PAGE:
Last week I went to look at a wedding venue nearly a year after I got engaged.
It was the first place I looked at, and it will be the last.
You see, it seems I may be the opposite of a bridezilla now the time has finally come for “me” to become “we”.
Now, not only did I forget to tell most people that I was in possession of an engagement ring for about six months, it seems that the actual business of getting married wasn’t high on my list of priorities either.
I haven’t even written about my betrothed much either, which is odd given I’ve devoted more column centimetres to my hair in the blog over the years than I have to the man that I agreed to marry.
Without getting all psycho-analytical about it (yes, I know that’s not the correct terminology), if I bothered to do some naval-gazing I guess the reason why is that no one wants to read about a relationship that is as smooth as an icy gelato on a hot summer’s day.
No writer wants to come across as content and relaxed – rather we are supposed to be tortured alcoholics who spend most of the time muttering alone in the dark.
Now, that’s not to say that I haven’t been that incarnation a few times in my life.
However, perhaps my paucity of ponderings about my lover is likely because I want to retain my supposed extroverted edginess, built up over many decades while I steadfastly remained single when everyone around me was not.
Traditional is never a word that has been used in the same sentence as me it seems.
For more than 45 years, I have been the bridesmaid, the witness, the usher, and the token single girl at a wonderment of weddings.
I’ve drunk all the free champagne, wreaked havoc on the dance floor to out-of-tune renditions of Michael Bolton and Madonna and made small talk with strangers who became friends for just one night.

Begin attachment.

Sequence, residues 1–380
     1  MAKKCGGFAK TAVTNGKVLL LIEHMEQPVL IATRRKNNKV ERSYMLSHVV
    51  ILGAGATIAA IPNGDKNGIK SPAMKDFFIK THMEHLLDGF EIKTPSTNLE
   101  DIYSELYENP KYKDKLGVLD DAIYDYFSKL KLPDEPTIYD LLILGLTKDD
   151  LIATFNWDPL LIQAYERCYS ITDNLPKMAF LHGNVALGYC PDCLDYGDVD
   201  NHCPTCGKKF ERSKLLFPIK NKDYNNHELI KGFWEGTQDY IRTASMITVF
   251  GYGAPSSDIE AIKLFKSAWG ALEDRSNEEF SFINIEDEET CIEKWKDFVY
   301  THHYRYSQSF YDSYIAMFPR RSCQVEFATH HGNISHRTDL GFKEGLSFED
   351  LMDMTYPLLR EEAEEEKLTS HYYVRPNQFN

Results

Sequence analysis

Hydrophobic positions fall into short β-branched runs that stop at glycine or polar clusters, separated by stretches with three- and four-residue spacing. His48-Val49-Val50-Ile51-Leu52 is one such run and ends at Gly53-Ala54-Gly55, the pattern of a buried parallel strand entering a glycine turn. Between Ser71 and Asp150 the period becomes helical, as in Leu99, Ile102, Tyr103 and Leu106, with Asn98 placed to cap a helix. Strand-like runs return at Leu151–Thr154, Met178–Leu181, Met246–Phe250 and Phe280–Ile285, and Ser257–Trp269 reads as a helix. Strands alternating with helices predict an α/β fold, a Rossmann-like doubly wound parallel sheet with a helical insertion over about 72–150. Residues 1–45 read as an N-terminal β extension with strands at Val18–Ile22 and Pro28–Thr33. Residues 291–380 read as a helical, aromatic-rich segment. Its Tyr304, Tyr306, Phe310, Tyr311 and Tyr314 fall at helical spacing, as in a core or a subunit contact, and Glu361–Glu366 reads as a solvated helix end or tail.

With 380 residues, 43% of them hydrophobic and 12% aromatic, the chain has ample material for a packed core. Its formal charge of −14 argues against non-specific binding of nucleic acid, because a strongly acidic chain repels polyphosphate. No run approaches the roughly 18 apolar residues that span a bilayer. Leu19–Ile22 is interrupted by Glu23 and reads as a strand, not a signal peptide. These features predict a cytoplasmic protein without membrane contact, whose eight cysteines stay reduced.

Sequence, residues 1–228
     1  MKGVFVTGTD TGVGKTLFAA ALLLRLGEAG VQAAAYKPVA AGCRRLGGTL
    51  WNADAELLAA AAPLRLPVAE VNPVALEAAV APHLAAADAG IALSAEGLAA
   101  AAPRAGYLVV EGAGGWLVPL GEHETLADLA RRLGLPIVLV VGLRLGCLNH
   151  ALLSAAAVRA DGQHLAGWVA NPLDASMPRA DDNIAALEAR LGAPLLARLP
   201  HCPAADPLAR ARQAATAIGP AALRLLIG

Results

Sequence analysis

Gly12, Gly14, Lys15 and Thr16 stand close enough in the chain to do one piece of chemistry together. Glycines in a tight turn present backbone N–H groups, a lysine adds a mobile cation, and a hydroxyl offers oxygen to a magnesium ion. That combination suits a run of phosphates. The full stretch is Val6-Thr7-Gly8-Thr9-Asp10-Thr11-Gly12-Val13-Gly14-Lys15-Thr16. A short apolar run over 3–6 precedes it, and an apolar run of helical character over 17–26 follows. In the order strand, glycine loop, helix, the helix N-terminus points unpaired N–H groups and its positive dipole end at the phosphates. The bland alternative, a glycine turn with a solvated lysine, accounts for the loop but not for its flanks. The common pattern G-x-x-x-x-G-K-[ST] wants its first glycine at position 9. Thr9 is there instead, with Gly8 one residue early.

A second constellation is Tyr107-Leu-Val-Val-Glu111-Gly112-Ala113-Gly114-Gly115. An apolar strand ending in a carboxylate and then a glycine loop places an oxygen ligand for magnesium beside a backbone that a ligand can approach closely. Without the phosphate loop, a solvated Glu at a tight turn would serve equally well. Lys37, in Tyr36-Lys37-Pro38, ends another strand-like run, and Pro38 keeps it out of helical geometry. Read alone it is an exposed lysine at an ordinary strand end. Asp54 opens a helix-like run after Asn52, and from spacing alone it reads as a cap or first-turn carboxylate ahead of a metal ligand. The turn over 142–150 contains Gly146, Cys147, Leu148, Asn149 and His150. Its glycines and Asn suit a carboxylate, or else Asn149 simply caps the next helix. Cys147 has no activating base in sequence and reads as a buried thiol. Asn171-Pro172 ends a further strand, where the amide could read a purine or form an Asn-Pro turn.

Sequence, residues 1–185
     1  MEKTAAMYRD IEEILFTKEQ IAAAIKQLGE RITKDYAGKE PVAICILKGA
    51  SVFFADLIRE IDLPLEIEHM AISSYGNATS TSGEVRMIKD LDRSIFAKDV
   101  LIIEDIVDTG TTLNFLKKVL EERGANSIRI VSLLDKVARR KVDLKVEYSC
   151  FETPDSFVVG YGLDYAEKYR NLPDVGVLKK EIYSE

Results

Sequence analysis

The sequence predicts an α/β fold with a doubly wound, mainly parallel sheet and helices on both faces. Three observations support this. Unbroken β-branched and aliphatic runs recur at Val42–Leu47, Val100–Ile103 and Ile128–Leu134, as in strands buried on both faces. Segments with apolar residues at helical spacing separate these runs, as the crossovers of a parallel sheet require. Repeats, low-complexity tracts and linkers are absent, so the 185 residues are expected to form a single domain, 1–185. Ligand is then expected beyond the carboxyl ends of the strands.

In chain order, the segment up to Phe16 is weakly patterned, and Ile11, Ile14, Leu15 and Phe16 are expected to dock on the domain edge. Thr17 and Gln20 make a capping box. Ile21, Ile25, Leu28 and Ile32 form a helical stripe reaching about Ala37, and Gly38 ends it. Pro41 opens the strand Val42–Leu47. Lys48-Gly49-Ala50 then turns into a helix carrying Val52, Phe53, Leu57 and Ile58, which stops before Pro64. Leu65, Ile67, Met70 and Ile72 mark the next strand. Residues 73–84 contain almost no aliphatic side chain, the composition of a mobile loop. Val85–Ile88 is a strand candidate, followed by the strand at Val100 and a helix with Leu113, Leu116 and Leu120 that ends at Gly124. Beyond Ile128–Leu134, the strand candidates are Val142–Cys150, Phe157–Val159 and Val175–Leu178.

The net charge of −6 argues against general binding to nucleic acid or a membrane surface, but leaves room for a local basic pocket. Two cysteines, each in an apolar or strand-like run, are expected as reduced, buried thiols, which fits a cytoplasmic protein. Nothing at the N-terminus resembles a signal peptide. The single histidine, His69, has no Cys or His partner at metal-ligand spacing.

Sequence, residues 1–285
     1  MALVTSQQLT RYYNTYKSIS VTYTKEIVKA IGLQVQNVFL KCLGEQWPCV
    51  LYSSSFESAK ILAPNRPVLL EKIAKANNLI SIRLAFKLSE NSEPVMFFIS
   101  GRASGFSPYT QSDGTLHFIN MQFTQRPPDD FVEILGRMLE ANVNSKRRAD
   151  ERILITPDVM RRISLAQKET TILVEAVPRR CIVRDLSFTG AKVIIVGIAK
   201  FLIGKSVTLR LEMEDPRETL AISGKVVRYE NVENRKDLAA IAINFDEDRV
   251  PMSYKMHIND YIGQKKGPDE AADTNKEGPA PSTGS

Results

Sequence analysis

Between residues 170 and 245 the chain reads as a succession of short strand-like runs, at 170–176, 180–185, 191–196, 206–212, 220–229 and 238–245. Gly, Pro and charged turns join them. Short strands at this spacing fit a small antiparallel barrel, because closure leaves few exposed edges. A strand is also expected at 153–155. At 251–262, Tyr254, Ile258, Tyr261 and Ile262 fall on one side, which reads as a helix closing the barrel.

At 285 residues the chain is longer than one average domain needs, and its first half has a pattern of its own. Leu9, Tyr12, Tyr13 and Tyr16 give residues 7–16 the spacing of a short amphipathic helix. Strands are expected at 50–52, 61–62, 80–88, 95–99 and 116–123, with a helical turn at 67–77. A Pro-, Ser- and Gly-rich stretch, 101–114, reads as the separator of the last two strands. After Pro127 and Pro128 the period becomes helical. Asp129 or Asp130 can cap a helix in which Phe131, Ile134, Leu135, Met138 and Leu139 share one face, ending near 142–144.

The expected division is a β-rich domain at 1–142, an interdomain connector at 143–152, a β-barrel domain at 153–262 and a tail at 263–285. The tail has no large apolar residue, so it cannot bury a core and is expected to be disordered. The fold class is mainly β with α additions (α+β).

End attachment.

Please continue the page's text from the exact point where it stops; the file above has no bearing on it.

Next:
Then, as the years rolled on by and I remained stoically single, I watched on as many of those unions started to fracture to the point that they could never be healed.
And, just as the number of singles in my sphere started to swell as divorce parties replaced nuptials, I was no longer one of them.
The thing is being single for more than four decades means that on the outside at least not much has changed.
A few months ago, I went to Vietnam on a whim after getting a cabin fever so unhelpful that my fiancé suggested it could only be cured by getting out of the house – and out of the country – for a while.
It’s funny, though, that on my return some people asked whether he was OK with me taking off with little notice when it was his idea to start off with.
You can see why I am marrying him.
As the months have sped by since he proposed in our courtyard surrounded by the sunflowers that he planted me, I’ve realised that I was never a wedding kind of girl.
I’ve never dreamed about a big ceremony or a special kind of dress.
A friend even had to take the reins recently when I admitted I had no preferences when it came to dress designs let alone sleeve types or fabrics. Friends indeed.
Even though this year has been ridiculously frantic as I co-launched a business (you may have noticed the significant reduction in these blogs as a byproduct), I think I’ve used that as a bit of an excuse to not organise a wedding that I never dreamed about being in.
That said, I can’t wait for the wedding, I just have zero interest in organising it.
Now, just because I’m not a wedding type of girl, that doesn’t mean I never thought I’d get married.
I did, even if many people thought I wouldn’t, or considered I was just being too picky or had become too independent or too successful.
I’ll just leave those viewpoints right there.
I’ve always believed in love and was prepared to wait for as long as necessary.
So, now that I’ve recognised that I’m not a very “weddingy” type of girl, I’ve come up with a cunning plan that will see me marry the man who accepts me just as I am next year.
She’s one of my best friends from high school…. and she just happens to be a wedding planner, so I don’t have to be.